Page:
Monday, March 8, 2010

Own it, the Zen way.

I recently have acquired several books about and to do with the ZEN way, however with the book list that I have ahead of these books…. I won’t get to reading them for another couple of years.

I love books and always have, I have too many to read though and when I am overwhelmed with all the reading that is required in school and that I have put on my “to read for pleasure” list, I will not read anything that I am supposed to.

This overwhelming pattern of mine brought me to my magazine reading. I can get tidbits of my reading on subjects that I want but not have to worry about finishing a book to get the content in which I was wanting. These little magazine blurbs seem to fill my need for the moment until I can find the list of other books listed in the magazine in which I need to purchase in order to read. It is such a vicious circle!

One of the magazines that I truly feel inspired by is “Spirituality and Health” and in their March/April issue there is an article by Geri Larkin and she writes about “owning up” the Zen way.

She talked about her normal morning dog walking routine in their lovely home town of Portland, Oregon. This certain morning, Geri was groggy from about only six hours of sleep and on her way out the door grabbed her library book to take to the book drop during her morning walk. Her dog Bodhi decided once arriving at the library book drop that he was ready to make his morning poo and so he did. Geri was prepared, with a plastic bag she reaches down and picks up her dogs deposit and ties the bag shut and then placing the bag into the book drop, closing it, and then gasping to realize that in her hand was the book and in the drop were the droppings of her beloved dog Bodhi.

She goes on explaining the stages in which her emotions ran.

Stage one: OH, NO!

Stage two: I could get away with this, just walk away… no one can see you.

State three: Owning up.

This is where she mentions the old Zen koan embedded in her mind in which every morning a monk calls to himself: “Master! Master!” then he answers himself: “Yes” “you must keep clear” In other words, you must stay in the situation exactly as it is, and do what it needs you to do.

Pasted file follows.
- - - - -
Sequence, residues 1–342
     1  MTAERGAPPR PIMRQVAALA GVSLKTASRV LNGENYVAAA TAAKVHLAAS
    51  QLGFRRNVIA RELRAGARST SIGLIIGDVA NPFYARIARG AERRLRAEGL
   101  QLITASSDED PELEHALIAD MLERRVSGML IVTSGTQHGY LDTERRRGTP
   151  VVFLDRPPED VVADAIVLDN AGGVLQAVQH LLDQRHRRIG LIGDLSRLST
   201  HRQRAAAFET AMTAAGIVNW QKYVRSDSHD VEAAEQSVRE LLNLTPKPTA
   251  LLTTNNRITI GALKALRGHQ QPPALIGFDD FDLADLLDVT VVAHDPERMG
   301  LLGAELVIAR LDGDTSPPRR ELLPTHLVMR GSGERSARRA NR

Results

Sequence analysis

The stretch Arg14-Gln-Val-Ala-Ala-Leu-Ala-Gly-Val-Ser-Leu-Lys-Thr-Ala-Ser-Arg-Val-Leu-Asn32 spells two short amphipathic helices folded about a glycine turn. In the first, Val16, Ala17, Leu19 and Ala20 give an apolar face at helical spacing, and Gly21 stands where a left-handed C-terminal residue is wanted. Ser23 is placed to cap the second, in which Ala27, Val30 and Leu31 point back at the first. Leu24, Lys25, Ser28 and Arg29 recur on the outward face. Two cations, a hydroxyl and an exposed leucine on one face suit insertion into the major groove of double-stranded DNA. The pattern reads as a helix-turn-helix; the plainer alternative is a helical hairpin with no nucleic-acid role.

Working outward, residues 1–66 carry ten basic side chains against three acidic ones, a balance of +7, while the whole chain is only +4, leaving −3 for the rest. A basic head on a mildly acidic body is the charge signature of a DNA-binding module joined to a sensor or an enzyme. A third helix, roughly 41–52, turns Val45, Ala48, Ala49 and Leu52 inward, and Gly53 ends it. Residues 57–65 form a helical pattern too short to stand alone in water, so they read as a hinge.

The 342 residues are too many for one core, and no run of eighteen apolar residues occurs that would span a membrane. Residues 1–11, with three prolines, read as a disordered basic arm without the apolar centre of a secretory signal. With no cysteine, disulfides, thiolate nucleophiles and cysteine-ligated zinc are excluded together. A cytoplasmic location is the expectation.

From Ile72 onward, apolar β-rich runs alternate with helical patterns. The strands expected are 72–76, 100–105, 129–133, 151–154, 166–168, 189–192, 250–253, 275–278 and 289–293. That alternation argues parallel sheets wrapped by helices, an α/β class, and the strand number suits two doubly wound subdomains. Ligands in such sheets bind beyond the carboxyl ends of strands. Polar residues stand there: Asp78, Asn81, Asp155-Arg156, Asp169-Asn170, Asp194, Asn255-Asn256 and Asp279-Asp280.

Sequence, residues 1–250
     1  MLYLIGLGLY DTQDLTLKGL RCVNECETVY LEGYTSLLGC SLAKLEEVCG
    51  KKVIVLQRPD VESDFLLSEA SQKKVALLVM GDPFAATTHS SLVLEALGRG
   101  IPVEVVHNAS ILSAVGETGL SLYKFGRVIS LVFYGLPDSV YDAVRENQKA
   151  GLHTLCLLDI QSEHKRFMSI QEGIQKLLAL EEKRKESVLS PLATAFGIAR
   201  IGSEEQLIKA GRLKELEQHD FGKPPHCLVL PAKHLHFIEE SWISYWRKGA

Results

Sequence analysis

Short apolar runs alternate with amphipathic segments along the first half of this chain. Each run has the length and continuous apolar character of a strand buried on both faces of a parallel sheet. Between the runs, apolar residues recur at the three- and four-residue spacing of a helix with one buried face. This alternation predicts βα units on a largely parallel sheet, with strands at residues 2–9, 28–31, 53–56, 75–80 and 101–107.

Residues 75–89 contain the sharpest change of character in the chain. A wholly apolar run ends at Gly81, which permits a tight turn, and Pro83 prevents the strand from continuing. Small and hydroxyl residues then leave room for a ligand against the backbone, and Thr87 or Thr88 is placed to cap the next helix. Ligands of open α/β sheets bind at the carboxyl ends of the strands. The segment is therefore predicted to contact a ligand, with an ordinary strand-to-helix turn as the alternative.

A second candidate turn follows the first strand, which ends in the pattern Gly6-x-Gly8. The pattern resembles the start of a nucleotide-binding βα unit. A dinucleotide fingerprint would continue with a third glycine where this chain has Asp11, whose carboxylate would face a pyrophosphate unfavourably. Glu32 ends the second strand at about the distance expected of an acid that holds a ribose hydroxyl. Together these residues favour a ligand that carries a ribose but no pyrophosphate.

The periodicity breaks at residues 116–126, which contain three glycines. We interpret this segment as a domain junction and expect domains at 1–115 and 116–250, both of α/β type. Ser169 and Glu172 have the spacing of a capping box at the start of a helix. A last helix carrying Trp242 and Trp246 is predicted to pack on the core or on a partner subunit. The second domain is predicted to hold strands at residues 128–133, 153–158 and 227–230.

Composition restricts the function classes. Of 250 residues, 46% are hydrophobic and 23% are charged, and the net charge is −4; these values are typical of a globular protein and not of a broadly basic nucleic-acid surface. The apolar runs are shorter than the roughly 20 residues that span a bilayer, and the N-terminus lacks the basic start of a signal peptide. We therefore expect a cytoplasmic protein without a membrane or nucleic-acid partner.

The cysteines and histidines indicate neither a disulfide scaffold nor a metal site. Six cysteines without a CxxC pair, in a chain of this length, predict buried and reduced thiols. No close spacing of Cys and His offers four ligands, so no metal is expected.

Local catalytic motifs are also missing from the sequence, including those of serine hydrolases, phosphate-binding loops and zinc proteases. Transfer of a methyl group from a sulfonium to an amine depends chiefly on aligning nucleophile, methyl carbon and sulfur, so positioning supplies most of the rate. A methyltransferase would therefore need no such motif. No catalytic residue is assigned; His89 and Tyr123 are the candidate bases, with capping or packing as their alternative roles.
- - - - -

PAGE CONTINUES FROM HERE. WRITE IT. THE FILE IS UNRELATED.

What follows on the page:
She needed to own up and that is what she did by calling the library when they opened and explained what she had done. Her reasoning was that if she hadn’t then she would have causes harm, by leaving the bag without notifying anyone she would have caused harm to the person opening the box and to everyone that that person would have told throughout that day. But by calling and explaining to the appropriate people what she had done, she had caused a great laugh to the person on the other end of the phone and to all that were there to share in the experience of the phone call.

How simple was that I ask myself? When owning up, good things come of it. Sometimes it is harder than you can imagine but the good that comes out of it is priceless.

I may have walked away that morning, not feeling like it was my responsibility and not thinking that it may harm others. Harming others by my actions is not something that I want to do and the next time I do something silly like this, I will give it an extra thought about how my action will affect the next person and I will make the ZEN choice.

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